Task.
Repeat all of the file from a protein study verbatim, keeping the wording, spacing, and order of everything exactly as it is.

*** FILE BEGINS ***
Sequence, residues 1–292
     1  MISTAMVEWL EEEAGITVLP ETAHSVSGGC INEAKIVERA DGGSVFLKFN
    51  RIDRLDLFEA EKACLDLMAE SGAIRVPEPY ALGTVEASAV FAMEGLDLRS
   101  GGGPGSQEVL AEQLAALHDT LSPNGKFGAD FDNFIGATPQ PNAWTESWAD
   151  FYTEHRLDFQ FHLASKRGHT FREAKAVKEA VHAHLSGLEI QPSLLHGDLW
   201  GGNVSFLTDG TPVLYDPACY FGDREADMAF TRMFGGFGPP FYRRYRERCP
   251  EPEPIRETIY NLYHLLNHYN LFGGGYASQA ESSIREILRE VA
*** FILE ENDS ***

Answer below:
Sequence, residues 1–292
     1  MISTAMVEWL EEEAGITVLP ETAHSVSGGC INEAKIVERA DGGSVFLKFN
    51  RIDRLDLFEA EKACLDLMAE SGAIRVPEPY ALGTVEASAV FAMEGLDLRS
   101  GGGPGSQEVL AEQLAALHDT LSPNGKFGAD FDNFIGATPQ PNAWTESWAD
   151  FYTEHRLDFQ FHLASKRGHT FREAKAVKEA VHAHLSGLEI QPSLLHGDLW
   201  GGNVSFLTDG TPVLYDPACY FGDREADMAF TRMFGGFGPP FYRRYRERCP
   251  EPEPIRETIY NLYHLLNHYN LFGGGYASQA ESSIREILRE VA